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More from Matt Harper, Henry V

More from Matt Harper, Henry V

What got you committed to going "green" in your business operations? (Was it the release of the movie "An Inconvenient Truth" in 2006, or where you always eco-aware?)

Our vice president, Patrick Eckford, has always had the philosophy of nurturing the environment, which has been a strong influence throughout the development and growth of Henry V over the past 30 years. In 2003, when an opportunity to purchase and convert an old derelict building in Portland came about, it became a priority of Henry V and our staff that the property should be renovated with the highest practical level of green building practices and sustainably produced materials. Henry V took the initiative to develop it into a state-of-the-art Silver LEED certified building, creating a healthy and green environment for the staff, our clients and the community. We also have specific internal programs that encourage sustainable practices, including:

  • The V Card--punched for riding a bike, mass transit or carpooling to work (and thus earning rewards)

  • Community Garden – growing flowers, herbs and rhubarb on the south side of our building

  • Extensive Recycling - for paper, plastics, batteries, cartridges, cell phones, aerosols, metals, computer components and packing materials; employees encouraged to bring items from home, as well.

  • Community Bulletin Board – highlighting local environmental needs, opportunities and activities.

Henry V is always searching for new innovative and sustainable ideas.

What is the scope of your green initiatives? What have you changed about the way you do business to go greener?

In addition to our internal business practices we strive to deliver greener events to our clients by focusing on four specific touchpoints: attendee habits, meeting planning, venue practices and production process. Some of our common solutions include:

  • Sharing “green checklists” with meeting planners and attendees to help reduce carbon footprints
  • Collaborating with venues pre- and post-event to measure and reduce their footprint and to limit waste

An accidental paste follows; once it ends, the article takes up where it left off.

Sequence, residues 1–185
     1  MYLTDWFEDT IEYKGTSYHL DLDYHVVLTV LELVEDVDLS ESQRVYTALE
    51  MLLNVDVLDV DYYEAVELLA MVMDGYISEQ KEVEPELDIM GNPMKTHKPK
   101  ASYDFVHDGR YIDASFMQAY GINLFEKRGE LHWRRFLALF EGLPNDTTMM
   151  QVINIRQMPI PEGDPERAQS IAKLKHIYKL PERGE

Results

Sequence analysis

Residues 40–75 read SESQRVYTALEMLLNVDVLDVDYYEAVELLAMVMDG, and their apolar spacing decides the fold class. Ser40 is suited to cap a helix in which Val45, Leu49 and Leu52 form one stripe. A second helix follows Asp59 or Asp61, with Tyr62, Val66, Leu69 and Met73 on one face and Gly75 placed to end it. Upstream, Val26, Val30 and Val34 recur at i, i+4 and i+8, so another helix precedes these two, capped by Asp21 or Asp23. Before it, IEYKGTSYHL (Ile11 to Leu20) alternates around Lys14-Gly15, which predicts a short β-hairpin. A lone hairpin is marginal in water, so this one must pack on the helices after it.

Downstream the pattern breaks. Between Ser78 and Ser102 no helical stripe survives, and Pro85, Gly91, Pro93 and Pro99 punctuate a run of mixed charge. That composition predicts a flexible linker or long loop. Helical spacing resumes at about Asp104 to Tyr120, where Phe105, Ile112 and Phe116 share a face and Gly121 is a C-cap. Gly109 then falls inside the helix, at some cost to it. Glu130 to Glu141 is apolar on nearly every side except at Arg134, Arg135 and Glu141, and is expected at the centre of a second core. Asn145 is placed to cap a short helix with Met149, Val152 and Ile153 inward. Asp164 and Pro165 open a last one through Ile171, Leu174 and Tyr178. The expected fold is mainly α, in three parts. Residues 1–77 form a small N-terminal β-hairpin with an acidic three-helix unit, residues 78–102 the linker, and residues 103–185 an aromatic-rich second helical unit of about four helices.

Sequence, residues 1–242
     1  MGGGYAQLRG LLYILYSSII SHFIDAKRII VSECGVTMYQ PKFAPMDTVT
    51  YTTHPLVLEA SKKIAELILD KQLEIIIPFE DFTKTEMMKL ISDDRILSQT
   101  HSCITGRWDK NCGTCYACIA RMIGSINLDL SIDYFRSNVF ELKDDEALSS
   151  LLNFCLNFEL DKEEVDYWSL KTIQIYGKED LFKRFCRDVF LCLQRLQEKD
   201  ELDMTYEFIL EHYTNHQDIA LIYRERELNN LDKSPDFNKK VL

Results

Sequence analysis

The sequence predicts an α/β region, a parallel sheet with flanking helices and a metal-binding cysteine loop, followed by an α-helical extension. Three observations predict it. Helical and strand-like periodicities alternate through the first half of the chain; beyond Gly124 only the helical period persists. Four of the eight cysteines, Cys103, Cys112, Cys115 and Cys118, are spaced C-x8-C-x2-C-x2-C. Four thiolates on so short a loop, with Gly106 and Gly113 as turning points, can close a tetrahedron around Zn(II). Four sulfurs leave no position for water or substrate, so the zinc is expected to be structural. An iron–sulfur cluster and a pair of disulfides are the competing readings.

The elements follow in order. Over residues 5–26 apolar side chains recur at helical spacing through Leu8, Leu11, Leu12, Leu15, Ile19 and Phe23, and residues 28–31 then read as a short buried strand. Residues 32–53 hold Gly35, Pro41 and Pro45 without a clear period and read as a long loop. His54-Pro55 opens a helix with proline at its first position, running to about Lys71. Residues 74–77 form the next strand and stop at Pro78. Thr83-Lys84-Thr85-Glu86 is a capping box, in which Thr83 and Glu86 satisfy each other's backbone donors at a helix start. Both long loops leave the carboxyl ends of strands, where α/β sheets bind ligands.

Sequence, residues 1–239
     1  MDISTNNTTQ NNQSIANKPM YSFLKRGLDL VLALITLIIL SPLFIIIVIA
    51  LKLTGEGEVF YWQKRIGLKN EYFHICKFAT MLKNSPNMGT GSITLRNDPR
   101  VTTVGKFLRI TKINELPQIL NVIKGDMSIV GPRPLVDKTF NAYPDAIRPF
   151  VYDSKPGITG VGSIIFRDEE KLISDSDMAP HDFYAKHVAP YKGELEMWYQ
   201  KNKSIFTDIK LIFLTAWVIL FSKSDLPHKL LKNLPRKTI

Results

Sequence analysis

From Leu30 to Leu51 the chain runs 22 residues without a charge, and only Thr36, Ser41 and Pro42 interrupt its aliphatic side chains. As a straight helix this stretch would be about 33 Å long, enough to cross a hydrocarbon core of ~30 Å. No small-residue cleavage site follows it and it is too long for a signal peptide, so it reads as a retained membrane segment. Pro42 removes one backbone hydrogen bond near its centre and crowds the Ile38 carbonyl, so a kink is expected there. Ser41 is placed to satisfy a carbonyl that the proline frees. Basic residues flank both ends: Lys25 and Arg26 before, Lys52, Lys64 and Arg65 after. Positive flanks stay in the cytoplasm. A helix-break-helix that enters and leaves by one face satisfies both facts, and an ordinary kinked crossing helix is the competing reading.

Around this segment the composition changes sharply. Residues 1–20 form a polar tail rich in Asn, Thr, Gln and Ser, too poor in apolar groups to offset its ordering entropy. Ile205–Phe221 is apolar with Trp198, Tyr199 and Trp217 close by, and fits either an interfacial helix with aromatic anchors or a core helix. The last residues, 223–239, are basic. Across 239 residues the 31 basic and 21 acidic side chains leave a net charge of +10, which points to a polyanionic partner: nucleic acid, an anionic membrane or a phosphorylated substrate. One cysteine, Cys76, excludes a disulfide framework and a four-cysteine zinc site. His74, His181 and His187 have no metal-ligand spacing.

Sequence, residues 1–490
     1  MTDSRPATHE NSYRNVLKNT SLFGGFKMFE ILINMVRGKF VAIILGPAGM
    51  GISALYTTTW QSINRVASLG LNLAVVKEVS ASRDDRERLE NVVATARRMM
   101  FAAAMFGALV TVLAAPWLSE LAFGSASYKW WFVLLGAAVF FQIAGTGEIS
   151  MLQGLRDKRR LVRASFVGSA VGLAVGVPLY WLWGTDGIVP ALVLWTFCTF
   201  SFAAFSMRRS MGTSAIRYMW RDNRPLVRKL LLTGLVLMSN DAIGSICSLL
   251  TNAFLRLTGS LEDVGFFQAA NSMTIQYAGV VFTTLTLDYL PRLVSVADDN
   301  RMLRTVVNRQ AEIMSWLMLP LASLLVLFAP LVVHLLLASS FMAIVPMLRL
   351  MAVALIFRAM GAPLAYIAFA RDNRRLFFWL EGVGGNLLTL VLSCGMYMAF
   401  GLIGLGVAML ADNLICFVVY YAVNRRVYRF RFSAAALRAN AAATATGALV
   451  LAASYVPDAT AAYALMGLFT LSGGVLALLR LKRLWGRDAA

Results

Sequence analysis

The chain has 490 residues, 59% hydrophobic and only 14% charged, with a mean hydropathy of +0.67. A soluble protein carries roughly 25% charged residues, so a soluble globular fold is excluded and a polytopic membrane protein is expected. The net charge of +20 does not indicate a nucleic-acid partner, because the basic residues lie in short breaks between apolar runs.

• Insisting that recycling programs are in place in venues where we work
  • Composting of food waste or donating to local charities
  • Including a Sustainability Coordinator on the Henry V event team
  • Using virtual (LCD) signage whenever possible to eliminate printing and waste
  • Printing with non-toxic soy-based inks
  • Printing with alternative materials for all applications – 100% recycled, corn/plant based, fully biodegradable, etc.
  • Projecting on virtual sets (fabric, screens, other recycled materials) instead of building hard wall sets
  • Finding renewable energy sources where available
  • Using low-power/LED lighting to substantially cut energy usage
  • Reusing/recycling stage flats
  • I can see the program pays off for the environment-how about for your P&L? Does going green cost more or can it be cost-effective? Can you measure its cost-effectiveness?

    Cost-effectiveness can be achieved by going green. Examples include:

    • Providing digital/virtual staging that reduces cost of shipping equipment
    • Digital/interactive name badges reduce printing costs of conference materials
    • Discontinuing the use of water bottles and individual packaging while utilizing bulk packaging and containers reduces costs on materials

    While there is an initial investment needed for the new technologies and practices, the re-use and recycling of these solutions over time provides cost savings and efficiencies.

    What are clients' reactions to your green efforts? Are clients concerned about going green, or do they make exceptions for their events?

    The way in which people are doing business is being transformed with the rapidly growing demand for environmentally sustainable services and products. We have several exceptional clients, such as KEEN and The North Face, who have made the commitment to uphold high standards of sustainability and look to us for greener solutions. Many other clients appreciate and value our green practices, but will only adopt certain sustainable practices for their events at the price and commitment they’re comfortable with.

    I know many hotels are bashed for "greenwashing"--that is, taking credit for going green when they are accused of being wasteful in many areas. Do you think this is true or is it unfair?

    Any effort to be sustainable is better than no effort at all, although hotels should be upfront about their green practices in order to meet the needs of their clients. We consider it our responsibility to investigate the venue and hold them to the green practices and expectations. We also encourage hotel guests to play their part and exhibit green behaviors through the judicious use of supplies and resources.

    Are there any green initiatives you tried that just didn't work out?

    Our office kitchen compost bucket attracted fruit flies. Still working on a solution for that.

    What do you say to people in the event industry who complain that truly going green is too expensive and too time-consuming?

    We are realistic in our efforts and recognize that some clients may need to take baby steps in the right direction. We try not to come across as preachy and consider any step in the right direction as positive.

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